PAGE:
Read: 1 Thessalonians 3:6–13
Bible in a Year: Psalms 135–136; 1 Corinthians 12
May the Lord make your love increase and overflow for each other and for everyone else, just as ours does for you.—1 Thessalonians 3:12
“Is God doing something new in your life?” was the question the leader asked in a group I was in recently. My friend Mindy, who is dealing with some difficult situations, responded. She told of needing patience with aging parents, stamina for her husband’s health issues, and understanding of her children and grandchildren who have not yet chosen to follow Jesus. Then she made an insightful comment that runs contrary to what we might normally think: “I believe the new thing God is doing is He’s expanding my capacity and opportunities to love.”
That fits nicely with the apostle Paul’s prayer for new believers in Thessalonica: “May the Lord make your love increase and overflow for each other and for everyone else” (1 Thess. 3:12). He had taught them about Jesus but had to leave abruptly because of rioting (Acts 17:1–9). Now in his letter he encouraged them to continue to stand firm in their faith (1 Thess. 3:7–8). And he prayed that the Lord would increase their love for all.
During difficulties we often choose to complain and ask, Why? Or wonder, Why me? Another way to handle those times could be to ask the Lord to expand His love in our hearts and to help us take the new opportunities that come to love others. —Anne Cetas
I’ve got my own list of things I could worry about, Lord. Change my thinking. Open my eyes to love.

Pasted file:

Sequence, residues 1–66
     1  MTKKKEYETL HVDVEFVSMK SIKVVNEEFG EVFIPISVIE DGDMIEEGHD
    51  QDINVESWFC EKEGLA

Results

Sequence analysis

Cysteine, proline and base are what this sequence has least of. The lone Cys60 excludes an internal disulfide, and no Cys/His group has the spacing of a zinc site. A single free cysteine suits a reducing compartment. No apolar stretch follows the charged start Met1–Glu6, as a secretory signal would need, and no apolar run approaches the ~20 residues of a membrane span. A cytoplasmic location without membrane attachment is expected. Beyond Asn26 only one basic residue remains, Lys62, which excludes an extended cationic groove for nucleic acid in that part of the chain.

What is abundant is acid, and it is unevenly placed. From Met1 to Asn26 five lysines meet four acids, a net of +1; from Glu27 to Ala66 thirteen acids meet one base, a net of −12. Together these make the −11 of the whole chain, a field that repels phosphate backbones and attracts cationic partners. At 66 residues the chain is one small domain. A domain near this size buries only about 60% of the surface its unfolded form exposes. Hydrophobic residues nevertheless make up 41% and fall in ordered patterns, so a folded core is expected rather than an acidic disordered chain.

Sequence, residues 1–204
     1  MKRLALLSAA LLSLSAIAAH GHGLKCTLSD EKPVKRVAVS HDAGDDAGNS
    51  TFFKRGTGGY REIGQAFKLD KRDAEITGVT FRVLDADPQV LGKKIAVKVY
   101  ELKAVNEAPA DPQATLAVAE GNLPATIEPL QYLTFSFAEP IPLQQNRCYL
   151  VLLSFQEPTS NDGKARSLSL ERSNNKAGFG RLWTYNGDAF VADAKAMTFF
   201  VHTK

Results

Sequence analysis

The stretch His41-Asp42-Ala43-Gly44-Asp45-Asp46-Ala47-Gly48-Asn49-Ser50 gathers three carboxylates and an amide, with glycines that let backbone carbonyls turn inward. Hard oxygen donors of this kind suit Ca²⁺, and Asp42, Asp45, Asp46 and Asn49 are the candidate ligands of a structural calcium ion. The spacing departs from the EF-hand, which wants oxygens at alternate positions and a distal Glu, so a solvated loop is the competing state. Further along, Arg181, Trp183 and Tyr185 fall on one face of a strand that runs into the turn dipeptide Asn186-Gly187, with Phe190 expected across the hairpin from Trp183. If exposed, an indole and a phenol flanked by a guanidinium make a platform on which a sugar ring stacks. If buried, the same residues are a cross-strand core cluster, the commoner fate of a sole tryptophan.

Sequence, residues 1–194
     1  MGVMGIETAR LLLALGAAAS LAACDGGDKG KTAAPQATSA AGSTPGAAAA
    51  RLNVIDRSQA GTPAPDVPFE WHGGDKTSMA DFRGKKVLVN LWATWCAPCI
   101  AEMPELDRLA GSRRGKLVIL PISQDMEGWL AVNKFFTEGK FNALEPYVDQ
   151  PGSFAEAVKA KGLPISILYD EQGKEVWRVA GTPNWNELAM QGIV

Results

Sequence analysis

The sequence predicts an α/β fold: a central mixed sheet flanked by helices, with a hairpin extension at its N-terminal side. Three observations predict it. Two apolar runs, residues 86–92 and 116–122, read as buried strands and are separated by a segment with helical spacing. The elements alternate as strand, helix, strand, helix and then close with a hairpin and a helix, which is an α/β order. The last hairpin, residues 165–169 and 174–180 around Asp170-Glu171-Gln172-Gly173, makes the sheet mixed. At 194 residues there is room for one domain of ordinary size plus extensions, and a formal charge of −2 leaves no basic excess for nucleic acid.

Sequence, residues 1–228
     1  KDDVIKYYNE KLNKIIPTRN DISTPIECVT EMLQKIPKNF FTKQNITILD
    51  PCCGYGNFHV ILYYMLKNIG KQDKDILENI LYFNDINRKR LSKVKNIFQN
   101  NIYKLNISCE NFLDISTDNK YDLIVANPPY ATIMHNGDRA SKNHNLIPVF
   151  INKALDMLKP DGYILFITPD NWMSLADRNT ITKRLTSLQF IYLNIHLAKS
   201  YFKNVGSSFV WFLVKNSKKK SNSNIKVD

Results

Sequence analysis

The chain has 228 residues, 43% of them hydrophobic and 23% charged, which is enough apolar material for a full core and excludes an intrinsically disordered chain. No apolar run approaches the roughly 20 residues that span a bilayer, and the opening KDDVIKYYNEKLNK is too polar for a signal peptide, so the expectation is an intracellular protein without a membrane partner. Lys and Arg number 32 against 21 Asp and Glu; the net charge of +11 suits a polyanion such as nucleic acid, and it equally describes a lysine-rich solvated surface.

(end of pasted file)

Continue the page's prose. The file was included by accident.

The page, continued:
Our troubles can fill our prayers with love and empathy for others.
INSIGHT: Paul’s first letter to the Thessalonians is filled with warmth and tenderness for dear friends. He ministered in the midst of suffering, imprisonment, and persecution, but his passion for seeing people (like the Thessalonians) enter into relationship with Christ was undeterred. As a result, Paul endured these almost continuous hardships without losing his focus on the needs of people. This is clearly seen in 2 Corinthians 11:22-33, where Paul catalogues the price he paid for the gospel and for them. While we may never suffer as the apostle did, how might we wisely respond to the trials we do encounter so that others can be touched by God’s love?
For more on navigating through trials check out the Discovery Series booklet Change: Following God Through Life’s Crossroads at discoveryseries.org/q0734. Bill Crowder